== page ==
Recently we joined the NCVO, applied to Google+ for their sponsorship to make our website better known ( ie get a ‘sponsored link’ ) and got in touch with ‘Men’s Health Forum’, a charity that is specifically interested in conditions that affect only men ( Peyronie’s) or that affect men earlier or worse than women ( Dupuytren’s) .
Added for the 2012 AGM review
We created a patient leaflet about Dupuytren's, which provides information about the disease, the treatments available in the UK, stages of the disease they are used for, availability on the NHS or private, side effects and expected recovery time, etc. This leaflet can be used by patients and doctors to discuss the options for treatment.
In September 2012 we wrote a letter to the BSSH (British Society for Surgery of the Hand), asking them to change the Dupuytren's guidelines on their website and include radiotherapy as possible treatment, as per NICE recommendations. We have received their reply: as a Society they do not endorse radiotherapy for Dupuytren's, because they don't consider the benefits to be enough in comparison to the possible side-effects. We are considering our reply to this.
We are working on the content for a patient information leaflet on Ledderhose Disease (Plantar Fibromatosis). Our first goal for this is to send it to the Bofas (British Organisation for Foot and Ankle Surgeons), as they don't mention the condition on their website.
Milton Keynes PCT has just (25th Sept 2012) published new guidelines with a pro-forma referral form for Dupuytren's. They advise referral by GP's for treatment, only if the contracture in one finger is 40-45 degrees, or 20 degrees per finger if in 2 or more fingers. In other cases special permission and funding has to be applied for. As this may be too late for PNF or Collagenase, and in the case of the little finger, late for a good result even with fasciectomy, we are planning to write to them asking that they change their guidelines.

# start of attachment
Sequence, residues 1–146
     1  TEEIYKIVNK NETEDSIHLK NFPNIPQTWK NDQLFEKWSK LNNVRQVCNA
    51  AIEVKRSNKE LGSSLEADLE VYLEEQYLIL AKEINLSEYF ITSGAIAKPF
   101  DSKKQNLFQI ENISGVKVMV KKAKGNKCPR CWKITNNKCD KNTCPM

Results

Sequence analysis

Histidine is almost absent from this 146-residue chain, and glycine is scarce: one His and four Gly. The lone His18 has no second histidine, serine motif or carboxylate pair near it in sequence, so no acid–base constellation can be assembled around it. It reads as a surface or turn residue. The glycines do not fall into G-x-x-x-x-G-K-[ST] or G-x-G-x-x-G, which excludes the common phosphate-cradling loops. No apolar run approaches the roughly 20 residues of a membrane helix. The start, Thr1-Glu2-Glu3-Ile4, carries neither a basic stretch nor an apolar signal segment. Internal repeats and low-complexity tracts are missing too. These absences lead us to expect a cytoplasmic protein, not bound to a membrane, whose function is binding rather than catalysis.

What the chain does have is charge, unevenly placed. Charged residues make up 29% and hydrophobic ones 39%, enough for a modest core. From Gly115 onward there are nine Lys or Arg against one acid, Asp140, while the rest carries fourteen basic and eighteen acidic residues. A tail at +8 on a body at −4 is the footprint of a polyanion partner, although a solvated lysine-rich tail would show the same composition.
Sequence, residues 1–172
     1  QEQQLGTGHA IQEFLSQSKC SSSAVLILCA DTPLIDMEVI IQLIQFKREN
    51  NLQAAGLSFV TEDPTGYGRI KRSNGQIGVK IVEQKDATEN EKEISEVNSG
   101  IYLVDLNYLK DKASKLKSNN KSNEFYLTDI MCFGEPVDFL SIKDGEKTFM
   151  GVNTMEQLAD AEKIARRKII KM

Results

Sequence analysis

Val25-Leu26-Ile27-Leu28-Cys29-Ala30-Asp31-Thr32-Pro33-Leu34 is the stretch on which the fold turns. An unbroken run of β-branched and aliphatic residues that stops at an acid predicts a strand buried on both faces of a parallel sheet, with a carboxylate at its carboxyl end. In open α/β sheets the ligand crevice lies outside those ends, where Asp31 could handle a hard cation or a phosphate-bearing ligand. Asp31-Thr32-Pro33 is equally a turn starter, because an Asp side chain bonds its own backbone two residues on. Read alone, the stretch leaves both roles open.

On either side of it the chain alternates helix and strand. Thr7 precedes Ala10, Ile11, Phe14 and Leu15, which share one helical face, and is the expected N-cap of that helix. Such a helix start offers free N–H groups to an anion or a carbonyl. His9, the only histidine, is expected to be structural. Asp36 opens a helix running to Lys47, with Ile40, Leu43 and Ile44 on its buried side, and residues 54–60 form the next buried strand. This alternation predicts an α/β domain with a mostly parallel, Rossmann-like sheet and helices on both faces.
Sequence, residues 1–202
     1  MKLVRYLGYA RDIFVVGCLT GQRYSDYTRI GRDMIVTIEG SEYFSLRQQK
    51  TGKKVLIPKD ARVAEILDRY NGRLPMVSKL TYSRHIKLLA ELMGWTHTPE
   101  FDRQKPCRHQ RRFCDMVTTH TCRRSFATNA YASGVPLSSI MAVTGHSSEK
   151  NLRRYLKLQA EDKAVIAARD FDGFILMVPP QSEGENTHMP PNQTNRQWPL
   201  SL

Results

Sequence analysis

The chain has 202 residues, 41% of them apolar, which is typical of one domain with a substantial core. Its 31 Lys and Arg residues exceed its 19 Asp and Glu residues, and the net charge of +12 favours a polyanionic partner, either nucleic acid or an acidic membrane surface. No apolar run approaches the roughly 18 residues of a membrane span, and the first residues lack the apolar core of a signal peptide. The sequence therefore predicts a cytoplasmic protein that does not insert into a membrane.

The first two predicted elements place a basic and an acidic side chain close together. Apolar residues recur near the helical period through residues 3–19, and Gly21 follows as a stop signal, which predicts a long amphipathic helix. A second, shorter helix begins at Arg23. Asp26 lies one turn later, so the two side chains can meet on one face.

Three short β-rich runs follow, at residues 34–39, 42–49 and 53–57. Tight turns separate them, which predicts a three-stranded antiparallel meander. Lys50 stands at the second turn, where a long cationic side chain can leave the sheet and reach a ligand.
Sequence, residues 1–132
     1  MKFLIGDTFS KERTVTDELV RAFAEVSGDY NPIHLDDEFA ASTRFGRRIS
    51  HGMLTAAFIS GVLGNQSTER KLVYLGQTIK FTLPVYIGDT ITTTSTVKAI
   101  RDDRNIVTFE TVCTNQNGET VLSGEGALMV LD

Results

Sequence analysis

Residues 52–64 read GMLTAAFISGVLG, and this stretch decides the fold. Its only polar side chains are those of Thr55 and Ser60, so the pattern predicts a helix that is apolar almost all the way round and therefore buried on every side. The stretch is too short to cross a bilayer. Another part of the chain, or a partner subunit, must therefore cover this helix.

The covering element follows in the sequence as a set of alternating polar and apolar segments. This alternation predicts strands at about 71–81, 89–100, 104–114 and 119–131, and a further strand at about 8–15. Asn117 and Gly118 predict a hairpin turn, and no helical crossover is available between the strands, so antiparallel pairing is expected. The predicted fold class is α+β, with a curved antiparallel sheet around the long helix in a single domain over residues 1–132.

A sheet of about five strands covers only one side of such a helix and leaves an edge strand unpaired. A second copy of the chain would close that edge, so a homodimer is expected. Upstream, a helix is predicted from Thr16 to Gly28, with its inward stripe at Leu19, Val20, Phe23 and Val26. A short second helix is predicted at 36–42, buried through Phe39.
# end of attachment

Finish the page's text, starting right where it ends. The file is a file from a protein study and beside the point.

Our website has been created from scratch in one year, and so has a had a lot of information added to it. We are going to review the design, layout and content with the help others. We welcome feedback from members, patients, doctors and the public about the website.
NICE will review the use of Xiapex for treating Dupuytren's, to evaluate whether they should provide guidance for treatment on the NHS. If this happens we will participate by putting patients views forward, so anyone who feels strongly about the use of Xiapex (positive or negative) please let us know, including your reasons!
In order to keep the website up to date we are constantly reviewing the latest publications on Dupuytren’s and related conditions, including news, treatments and basic research. Upon review we sometimes follow up with the International Dupuytren's Society, or doctors and researchers in the field. We will then include the information on the website as appropriate.
You can contact us here, volunteers and donations to continue our work are always welcome.